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Xbox 360 Jailbreaker May Need Real Jailbreak 359

Posted by Soulskill
from the root-root-root-for-the-home-team dept.
An anonymous reader writes "Back in July, the Librarian of Congress officially made it legal to jailbreak your iPhone (or any phone). So why is it that the government is trying to prosecute Matthew Crippen for jailbreaking Xbox 360s? If convicted, he could face up to three years in prison, and lawyers are trying to prevent the author of a book about jailbreaking the original Xbox from testifying in Crippen's defense. What kind of law says it's okay to jailbreak the phone in your pocket, but not your gaming console?"
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Xbox 360 Jailbreaker May Need Real Jailbreak

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  • by cappp (1822388) on Tuesday October 26, 2010 @01:23AM (#34021738)
    The jailbreaking finding [eff.org] (pdf) was narrow, specifically noting that the

    critical question is whether jailbreaking an iPhone in order to add applications to the phone constitutes a noninfringing use...

    it appears fair to say that the purpose and character of the modification of the operating system is to engage in a private, noncommercial use intended to add functionality to a device owned by the person making the modification, albeit beyond what Apple has determined to be acceptable. The user is not engaging in any commercial exploitation of the firmware, at least not when the jailbreaking is done for the user’s own private use of the device

    The Library of Congress specifically made Iphone jailbreaking permissable, for the reasons given above. As with all things legal, a specific permission isn't just instanlty transformed into general allowance to do whatever the hell you want. The Xbox was not included in the permission granted and therefore such hacking is a violation of the current statute until found otherwise in a court.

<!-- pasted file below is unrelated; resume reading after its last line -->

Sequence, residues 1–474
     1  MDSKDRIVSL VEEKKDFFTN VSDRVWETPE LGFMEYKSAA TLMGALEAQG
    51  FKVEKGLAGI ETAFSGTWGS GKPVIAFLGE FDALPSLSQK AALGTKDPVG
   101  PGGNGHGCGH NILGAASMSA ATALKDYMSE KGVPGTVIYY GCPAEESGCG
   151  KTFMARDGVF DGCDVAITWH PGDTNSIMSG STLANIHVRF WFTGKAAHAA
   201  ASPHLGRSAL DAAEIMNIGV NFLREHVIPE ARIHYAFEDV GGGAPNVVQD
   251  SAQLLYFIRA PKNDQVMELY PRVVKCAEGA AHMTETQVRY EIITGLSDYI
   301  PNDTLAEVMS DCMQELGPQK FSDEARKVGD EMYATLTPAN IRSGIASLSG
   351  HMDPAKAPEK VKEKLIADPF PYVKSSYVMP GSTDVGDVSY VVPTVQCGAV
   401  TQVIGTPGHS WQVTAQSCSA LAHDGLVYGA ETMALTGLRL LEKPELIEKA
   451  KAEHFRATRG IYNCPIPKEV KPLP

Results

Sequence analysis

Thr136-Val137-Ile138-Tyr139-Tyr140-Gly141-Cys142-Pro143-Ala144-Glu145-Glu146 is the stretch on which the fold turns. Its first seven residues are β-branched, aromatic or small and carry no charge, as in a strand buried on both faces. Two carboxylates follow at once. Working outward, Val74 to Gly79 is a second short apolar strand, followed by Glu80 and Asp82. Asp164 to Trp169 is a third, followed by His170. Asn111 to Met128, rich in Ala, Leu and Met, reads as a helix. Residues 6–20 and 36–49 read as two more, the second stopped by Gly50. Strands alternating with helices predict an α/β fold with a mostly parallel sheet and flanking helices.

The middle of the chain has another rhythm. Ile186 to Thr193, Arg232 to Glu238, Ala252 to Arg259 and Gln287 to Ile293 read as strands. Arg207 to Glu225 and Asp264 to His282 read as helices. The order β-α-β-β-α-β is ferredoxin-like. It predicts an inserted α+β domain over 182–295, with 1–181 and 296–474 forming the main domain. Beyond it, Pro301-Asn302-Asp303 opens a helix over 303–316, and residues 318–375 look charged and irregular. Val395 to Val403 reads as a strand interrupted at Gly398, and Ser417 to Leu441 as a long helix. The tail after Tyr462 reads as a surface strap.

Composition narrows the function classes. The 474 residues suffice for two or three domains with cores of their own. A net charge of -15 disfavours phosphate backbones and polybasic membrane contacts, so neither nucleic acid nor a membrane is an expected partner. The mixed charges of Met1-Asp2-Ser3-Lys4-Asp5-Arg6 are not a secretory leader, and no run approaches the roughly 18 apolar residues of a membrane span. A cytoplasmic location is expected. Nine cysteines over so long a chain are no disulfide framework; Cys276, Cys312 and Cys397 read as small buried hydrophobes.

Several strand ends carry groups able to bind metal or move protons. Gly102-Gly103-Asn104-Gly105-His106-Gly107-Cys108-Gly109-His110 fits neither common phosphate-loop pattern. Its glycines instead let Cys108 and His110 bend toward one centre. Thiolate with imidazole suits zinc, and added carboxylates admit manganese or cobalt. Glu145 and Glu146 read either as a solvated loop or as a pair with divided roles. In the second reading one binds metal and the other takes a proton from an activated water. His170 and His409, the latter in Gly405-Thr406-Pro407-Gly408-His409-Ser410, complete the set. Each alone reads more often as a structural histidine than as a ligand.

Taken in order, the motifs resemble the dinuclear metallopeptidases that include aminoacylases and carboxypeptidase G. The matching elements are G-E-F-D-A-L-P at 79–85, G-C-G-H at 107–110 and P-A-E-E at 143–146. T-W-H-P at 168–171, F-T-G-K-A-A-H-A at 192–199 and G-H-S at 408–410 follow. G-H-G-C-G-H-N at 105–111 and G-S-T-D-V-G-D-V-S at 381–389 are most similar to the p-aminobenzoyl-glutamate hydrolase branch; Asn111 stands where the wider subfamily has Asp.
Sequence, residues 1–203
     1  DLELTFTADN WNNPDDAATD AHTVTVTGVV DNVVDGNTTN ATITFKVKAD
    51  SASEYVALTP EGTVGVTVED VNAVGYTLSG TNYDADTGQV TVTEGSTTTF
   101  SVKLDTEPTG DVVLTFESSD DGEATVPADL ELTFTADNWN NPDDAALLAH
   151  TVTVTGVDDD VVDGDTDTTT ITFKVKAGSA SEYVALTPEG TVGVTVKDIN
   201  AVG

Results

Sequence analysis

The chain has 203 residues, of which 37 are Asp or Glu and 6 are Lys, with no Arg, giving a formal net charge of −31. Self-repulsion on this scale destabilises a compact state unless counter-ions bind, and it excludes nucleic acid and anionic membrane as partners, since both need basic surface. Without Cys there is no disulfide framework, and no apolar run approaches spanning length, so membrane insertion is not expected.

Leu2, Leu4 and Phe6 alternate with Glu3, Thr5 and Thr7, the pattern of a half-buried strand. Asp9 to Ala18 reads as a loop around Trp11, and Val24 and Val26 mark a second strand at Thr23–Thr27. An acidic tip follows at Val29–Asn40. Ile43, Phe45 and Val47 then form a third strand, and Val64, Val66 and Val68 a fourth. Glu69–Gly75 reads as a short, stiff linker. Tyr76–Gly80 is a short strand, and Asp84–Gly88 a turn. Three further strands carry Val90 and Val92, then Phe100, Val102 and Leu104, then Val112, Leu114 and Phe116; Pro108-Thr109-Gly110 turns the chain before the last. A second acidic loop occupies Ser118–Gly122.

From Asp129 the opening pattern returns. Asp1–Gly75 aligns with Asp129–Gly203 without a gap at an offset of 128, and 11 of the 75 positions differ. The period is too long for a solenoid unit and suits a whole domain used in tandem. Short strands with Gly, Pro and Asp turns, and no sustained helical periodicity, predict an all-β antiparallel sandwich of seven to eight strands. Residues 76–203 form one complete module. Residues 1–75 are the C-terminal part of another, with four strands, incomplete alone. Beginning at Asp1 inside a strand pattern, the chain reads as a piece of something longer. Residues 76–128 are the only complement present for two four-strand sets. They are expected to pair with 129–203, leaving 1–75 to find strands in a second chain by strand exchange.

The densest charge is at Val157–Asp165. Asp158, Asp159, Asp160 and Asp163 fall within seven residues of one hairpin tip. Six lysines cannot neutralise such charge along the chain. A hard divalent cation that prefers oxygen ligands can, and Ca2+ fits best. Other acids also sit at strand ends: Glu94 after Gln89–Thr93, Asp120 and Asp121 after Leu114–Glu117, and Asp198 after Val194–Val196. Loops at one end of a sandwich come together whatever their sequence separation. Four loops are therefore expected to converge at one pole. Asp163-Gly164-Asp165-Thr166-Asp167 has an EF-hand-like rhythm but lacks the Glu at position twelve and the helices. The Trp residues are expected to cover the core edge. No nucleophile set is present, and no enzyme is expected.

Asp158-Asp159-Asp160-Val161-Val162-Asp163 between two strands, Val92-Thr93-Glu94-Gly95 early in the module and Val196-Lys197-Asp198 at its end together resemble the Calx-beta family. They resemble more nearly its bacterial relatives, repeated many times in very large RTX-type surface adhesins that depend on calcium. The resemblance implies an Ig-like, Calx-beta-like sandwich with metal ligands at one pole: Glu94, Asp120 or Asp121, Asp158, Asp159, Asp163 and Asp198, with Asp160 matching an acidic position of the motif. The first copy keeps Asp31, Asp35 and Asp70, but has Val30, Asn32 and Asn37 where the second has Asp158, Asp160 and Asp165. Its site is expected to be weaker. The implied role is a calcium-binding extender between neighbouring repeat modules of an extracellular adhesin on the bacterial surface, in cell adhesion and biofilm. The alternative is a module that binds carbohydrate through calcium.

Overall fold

The fact that Crippen is making money from breaking the law, and in likelyhood abetting a little casual piracy, suggests he's going to get made an example of.

  • by droopus (33472) * on Tuesday October 26, 2010 @01:34AM (#34021788)

    Come on, the law is so weird, it has to be real. Fiction has to make sense.

    An example: ever hear of Relevant Conduct? [goo.gl] I've talked about this before. Here's the scenario: you get caught with a small bag of weed. You get arrested. While being booked some Fed sees you and says "hey! Aren't you the guy who mowed down all those nuns and orphans with an AK at McDonald's last week?" You deny it, but he's sure and you are charged with mass murder. You go to trial, and win. You are found not guilty after two minutes of deliberation. There was no evidence and the witness said it wasn't you.

    But since the McDonald's was in another state, the case is federal, and you get six months for the weed. Think you'll do it in some easy Club Fed? No way, you have mass murder as relevant conduct. I am not kidding: your custody can be affected by dismissed or acquitted charges. You have been found not guilty, but it's on your Pre-Sentence Investigation and the Bureau of Prisons will send you to a much tougher place: after all, you're a murderer! So, you go to a USP, and are dead in a week.

    As I've posted, I recently did five years in the feds, and rather than be close to my home in a Camp, I was sent to a disciplinary FCI as far away as they could send me, due to charges which were dismissed. The xBox thing does not surprise me in the least...there is so much bad law on the books, which is one reason we have so many people in jail.

  • by droopus (33472) * on Tuesday October 26, 2010 @02:04AM (#34021932)

    We are the number one per capita nation for incarceration, but more interestingly, we also have the largest number of prison inmates. [nytimes.com]

    We have 751 people in jail or prison per 100,000 population. UK? 151 per 100k. Germany 88. Japan 63. We throw people behind bars for offenses that would even amount to an arrest in most countries. I met people doing 20 years for a bag of crack the size of a sugar packet. I saw guys doing five for a phone call. I saw guys doing life because they were "co-conspirators" to something that happened 1,000 miles away without their knowledge.

    God Bless America.

  • Re:What kind of law? (Score:3, Informative)

    by koreaman (835838) <uman@umanwizard.com> on Tuesday October 26, 2010 @02:12AM (#34021972)